Each offers the convenience and security of dual memory card slots (the D800 with CF/SD while the D600 is SD/SD), and enough shooting and quality settings to keep everyone happy. Taking snapshots of the kids playing in the snow… either delivers rich, high-quality images at even the lowest quality and size settings. Camped out on the beach for a beautiful, dynamic pacific sunset? Both offer 14 bit RAW capability.

To me, the D600 brings a spirit of “I’m quick, fun, and I deliver the quality that you expect.” The D800 is a bit more ominous in its operation, bringing storage-busting 14 bit RAW files which will push your lenses to the limit.

Those moving up from the D3100/D90/D7000 will immediately be comfortable operating the D600. Those moving across from the D300s, D700, or D3 series will instantly feel at home with the operation of the D800.

At 2/3rds the price of the D800, the D600 deserves a serious look from all levels of photographers. The D800 places a premium on the ultimate level of image quality for DSLRs, while the D600 gets high marks (often the same marks as the D800) in many areas while available for a lower price.

The Canon Rebel T4i is my top entrant for entry level body in 2012. It cannot be mentioned without immediately discussing the flip-out touch screen. I like buttons. Many of us like buttons. The touch screen is handy. I thought I would hate it. I don’t. It’s quick to use and offers instant visual feedback. I like buttons on my DSLRs… I now like touch screens in addition to buttons. I want both on my cameras… all of my cameras.

The leading DSLR manufacturers are all bringing stellar image quality up and down their camera lines. Ease, speed, and comfort of use are the new differentiating factors. We are past the days of noisy images at ISO 400 and above. Colors pop, there is resolution to spare, and dynamic range is amazing. The difficulty has become differentiation within a manufacturer’s product line.

The ‘easy way out’ of differentiation is to cripple the entry level cameras while progressively adding features to the higher end models. This will be a fact of life for a long time… perhaps forever.

With the T4i, Canon has chosen a different route. Rather than simply relegate an entry level body to a subset of features, they have added a feature unique to this camera. Many will argue that the ‘Nikon equivalent’ of the T4i is the D5200. Personally, I do not endorse this belief. The D5200 is built from the D5100, offers less than the D7000 and a bit more than the D3100/D3200. At this moment, the T4i has the added advantage of U.S. availability, which the D5200 lacks.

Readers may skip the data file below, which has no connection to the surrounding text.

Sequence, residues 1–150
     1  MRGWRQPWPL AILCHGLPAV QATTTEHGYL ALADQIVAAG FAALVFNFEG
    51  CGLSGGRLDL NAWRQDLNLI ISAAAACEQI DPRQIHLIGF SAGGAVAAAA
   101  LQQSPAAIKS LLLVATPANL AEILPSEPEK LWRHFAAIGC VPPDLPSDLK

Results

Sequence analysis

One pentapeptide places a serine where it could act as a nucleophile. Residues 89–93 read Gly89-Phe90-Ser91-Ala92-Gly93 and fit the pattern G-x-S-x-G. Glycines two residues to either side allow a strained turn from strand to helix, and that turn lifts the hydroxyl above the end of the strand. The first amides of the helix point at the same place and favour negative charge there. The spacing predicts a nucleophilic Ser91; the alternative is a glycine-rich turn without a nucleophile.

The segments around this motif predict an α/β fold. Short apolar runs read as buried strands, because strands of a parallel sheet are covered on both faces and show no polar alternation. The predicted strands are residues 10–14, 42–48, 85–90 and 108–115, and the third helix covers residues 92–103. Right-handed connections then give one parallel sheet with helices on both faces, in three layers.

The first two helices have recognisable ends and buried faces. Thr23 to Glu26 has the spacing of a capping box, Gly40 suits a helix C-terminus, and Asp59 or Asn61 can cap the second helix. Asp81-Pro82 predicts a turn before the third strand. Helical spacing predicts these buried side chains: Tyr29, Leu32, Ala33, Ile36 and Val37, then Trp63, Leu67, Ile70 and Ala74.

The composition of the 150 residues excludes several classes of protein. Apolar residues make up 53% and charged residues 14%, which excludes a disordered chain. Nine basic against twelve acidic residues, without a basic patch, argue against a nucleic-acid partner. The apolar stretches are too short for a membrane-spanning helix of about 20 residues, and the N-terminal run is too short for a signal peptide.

The T4i brings extensive capability and uniqueness. Rather than burying critical features in the menus or requiring button and 4-way controller navigation, you can simply touch the screen to adjust a number of parameters. The entry level user does not need to memorize button location or change menu settings from shot to shot. Many functions simply require two touches of the screen. Is this optimal for professional users who need to change settings from shot to shot without their eye leaving the viewfinder? No. This camera is for parents, vacationers, seniors and students… folks who do not use their camera daily, nor do they get paid for their shots – but they expect to pick up their camera, make a few adjustments periodically, and come home with quality images. They sometimes need help from the camera… and they need a camera that is forgiving when the settings aren’t perfect for the situation. They need a quick burst for the breakaway in a soccer game… and they need compatibility with Canon speedlites when they decide to get more serious with their holiday photos.

For these users, the T4i is the top choice.

These are good times for the camera buyer. Whether you want image quality that rivals medium format film or a do-it-all-easily entry level camera, there a options for you – and typically more than one.